• Some of the public sector enterprises, particularly some of the loss-incurring enterprises are suffering from endowment constraints as the selection of sites of these enterprises were done on political considerations rather than on rational considerations.
  • PSU’s were formed for creates millions of jobs to fight the obvious problem of unemployment in India. However, the number of people without employment in March 2011 was 150 lakh. In some of the public sector units there is the problem of surplus manpower which is creating drainage of resources unnecessarily leading to increase in the unit cost of production. Political considerations have also contributed towards overstaffing of unskilled workers in these units.
  • Under-utilisation of the production capacities are one of the common constraints from which almost all public sector enterprises are suffering. In 1986-87, out of the 175 public sector units 90 units had been able to utilize over 75 per cent of its capacities, 56 units achieved utilisation of capacities between 50 and 75 per cent and the rest 29 units could somehow managed to utilize under 50 per cent of its capacities.
  • Some of the public sector enterprises in India are suffering from technological gap as these enterprises could not adopt up-to-date technologies in their production system leading to high unit cost and lower yield. Enterprises like I.I.S.C.O., E.C.L. etc. are suffering from this constraint.

Government initiatives to help PSU’s

  • Disinvestments, the Department of Investment and Public Asset Management (DIPAM) have initiated the process of diluting government stake in public sector undertakings (PSUs). The government increased its disinvestment target to over Rs 1 lakh crore for the current financial year in the last budget. In the interim budget 2019-20 presented in February this year, it had pegged the disinvestment target of Rs 90,000 crore.
  • Privatization of PSU’s, A high level group of secretaries on disinvestment have approved India’s biggest disinvestment drive since last 20 years. Bharat Petroleum Corp Ltd (BPCL), Shipping Corp of India (SCI), THDC India and NEEPCO will be now privatized, as Govt. will sell its entire stake from these public sector companies.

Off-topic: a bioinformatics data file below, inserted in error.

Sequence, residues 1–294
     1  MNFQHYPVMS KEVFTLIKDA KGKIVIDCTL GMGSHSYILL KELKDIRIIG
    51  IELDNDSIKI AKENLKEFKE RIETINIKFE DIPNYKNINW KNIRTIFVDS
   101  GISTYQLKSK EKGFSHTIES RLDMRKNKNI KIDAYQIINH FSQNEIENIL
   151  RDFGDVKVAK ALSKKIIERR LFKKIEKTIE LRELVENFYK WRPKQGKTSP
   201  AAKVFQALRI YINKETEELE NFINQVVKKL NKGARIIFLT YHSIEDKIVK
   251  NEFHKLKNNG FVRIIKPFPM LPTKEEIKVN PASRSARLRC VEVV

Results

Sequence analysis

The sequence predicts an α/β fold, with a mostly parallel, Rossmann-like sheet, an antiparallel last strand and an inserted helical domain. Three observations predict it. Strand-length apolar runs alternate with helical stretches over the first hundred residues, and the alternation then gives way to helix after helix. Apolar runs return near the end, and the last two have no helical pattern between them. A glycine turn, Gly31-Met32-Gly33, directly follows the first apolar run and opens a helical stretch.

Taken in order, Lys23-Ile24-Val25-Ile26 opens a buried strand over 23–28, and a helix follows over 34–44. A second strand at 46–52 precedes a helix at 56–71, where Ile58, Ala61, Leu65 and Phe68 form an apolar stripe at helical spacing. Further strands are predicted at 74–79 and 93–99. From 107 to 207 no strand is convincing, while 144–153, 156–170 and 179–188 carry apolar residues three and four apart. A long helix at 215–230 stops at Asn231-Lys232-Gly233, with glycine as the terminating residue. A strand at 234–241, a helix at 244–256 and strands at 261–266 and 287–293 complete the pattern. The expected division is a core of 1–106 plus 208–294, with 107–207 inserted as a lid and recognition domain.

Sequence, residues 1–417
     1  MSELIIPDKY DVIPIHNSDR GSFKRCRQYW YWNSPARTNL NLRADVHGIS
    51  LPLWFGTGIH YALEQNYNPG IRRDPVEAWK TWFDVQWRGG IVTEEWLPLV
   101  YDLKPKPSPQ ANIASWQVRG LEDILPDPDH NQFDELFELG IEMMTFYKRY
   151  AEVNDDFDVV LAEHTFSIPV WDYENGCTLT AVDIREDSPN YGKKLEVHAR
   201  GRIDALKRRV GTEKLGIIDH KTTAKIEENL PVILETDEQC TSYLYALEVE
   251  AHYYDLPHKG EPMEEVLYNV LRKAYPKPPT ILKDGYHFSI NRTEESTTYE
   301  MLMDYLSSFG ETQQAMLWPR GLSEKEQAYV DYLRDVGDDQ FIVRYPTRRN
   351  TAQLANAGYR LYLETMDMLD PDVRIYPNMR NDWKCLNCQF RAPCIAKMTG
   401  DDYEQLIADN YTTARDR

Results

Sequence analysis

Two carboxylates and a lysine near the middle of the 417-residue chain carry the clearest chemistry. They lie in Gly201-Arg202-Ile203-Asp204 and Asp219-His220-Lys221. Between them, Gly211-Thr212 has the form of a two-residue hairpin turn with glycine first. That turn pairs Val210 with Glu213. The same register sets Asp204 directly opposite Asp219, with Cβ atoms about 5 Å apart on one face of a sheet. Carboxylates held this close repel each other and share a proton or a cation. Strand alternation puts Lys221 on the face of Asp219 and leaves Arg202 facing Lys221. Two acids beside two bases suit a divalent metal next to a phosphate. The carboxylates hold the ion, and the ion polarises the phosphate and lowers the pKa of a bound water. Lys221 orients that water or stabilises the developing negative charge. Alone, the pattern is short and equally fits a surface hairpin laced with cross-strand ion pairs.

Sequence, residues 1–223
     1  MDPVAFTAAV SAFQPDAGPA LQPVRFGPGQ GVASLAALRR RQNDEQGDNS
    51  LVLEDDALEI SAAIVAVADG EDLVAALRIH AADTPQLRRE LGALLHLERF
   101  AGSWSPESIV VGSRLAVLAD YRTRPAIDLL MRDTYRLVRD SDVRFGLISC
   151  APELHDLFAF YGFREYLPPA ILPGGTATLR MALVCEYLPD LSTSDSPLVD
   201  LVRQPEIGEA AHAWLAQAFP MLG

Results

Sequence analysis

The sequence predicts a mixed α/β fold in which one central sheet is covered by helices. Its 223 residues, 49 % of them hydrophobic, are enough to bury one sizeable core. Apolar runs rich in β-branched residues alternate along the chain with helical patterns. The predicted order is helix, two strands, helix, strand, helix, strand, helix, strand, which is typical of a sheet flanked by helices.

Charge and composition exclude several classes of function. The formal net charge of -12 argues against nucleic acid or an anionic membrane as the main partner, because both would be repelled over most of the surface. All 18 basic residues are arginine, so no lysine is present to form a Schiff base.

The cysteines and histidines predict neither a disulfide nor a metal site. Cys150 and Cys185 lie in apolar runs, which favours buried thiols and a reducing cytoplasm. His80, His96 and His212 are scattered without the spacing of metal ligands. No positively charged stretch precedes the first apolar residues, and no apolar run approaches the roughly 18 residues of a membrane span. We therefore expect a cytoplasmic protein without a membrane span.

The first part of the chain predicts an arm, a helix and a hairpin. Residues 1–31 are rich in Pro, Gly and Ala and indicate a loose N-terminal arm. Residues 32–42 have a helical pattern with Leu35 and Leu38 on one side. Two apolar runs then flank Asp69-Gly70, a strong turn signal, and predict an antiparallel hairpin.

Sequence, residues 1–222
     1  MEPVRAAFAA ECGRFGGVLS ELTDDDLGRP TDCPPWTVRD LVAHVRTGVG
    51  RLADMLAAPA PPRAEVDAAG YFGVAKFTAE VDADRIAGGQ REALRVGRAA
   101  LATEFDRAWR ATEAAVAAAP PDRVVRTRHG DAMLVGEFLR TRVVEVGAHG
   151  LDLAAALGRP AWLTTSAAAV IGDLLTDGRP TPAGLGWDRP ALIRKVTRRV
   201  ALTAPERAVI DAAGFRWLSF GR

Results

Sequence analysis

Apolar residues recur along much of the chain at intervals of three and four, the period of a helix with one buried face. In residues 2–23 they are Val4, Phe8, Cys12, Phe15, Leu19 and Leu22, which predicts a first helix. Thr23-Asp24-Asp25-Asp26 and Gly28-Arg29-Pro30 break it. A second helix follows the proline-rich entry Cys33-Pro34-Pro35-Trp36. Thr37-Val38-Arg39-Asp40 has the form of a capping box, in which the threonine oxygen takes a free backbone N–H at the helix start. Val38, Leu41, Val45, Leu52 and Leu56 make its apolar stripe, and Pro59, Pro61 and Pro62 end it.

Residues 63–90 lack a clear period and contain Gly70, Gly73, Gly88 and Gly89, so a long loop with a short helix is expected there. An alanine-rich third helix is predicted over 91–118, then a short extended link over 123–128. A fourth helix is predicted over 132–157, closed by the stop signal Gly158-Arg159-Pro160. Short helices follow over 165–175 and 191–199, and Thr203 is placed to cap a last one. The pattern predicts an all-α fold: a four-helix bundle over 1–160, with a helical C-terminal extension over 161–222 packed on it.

• The government’s move to consolidate 10 public sector banks into four large ones is ostensibly aimed at improving operating efficiency, governance and accountability and facilitates effective monitoring. However, the mergers will bring their own set of challenges and may not lead to value accretion for shareholders.
  • Granting greater managerial autonomy to the board of PSUs could significantly boost their performance. Heavy industries and public enterprise ministry has taken a number of steps like enhancement of delegation of powers to the profit-making PSUs and setting up of the Board for Reconstruction of Public Sector Enterprises to revive the sick companies, an official release said.
  • Government is considering issues of retirement age and revision of wages of the public sector employees , provide equity, in terms of salary and wages, for sick CPSEs.


  • Being the largest commercial enterprises in the country, PSUs provide a huge leverage to the government (their controlling shareholder) to intervene in the economy. Their intervention is either directly or indirectly to achieve the desired socio-economic objectives. PSUs play a key role in steering the national economy in the right direction.                                Role of Public Sector in the Upliftment of Society



Indian Economy